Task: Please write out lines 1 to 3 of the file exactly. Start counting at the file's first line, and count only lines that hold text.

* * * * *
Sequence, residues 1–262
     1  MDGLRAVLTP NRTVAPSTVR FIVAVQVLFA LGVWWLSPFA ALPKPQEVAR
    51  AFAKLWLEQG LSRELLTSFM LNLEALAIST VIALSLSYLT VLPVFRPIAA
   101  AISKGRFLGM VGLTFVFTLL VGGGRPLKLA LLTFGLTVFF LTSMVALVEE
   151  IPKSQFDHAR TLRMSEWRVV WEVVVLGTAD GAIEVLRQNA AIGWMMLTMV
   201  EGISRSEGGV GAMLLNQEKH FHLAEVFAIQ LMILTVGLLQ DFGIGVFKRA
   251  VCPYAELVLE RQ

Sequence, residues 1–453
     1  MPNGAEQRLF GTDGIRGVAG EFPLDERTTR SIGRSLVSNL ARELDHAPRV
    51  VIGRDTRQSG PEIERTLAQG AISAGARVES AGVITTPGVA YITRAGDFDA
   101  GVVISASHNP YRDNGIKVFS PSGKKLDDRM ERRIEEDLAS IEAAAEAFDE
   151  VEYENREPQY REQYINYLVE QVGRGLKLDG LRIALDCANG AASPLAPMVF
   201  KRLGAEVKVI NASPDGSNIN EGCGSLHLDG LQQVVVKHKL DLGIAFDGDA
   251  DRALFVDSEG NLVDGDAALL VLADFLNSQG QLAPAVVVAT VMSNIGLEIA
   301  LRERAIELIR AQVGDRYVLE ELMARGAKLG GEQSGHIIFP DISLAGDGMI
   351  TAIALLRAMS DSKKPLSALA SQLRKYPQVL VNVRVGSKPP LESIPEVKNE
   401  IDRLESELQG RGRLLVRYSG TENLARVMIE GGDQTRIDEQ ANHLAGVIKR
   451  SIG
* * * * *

Sequence, residues 1–262
     1  MDGLRAVLTP NRTVAPSTVR FIVAVQVLFA LGVWWLSPFA ALPKPQEVAR
    51  AFAKLWLEQG LSRELLTSFM LNLEALAIST VIALSLSYLT VLPVFRPIAA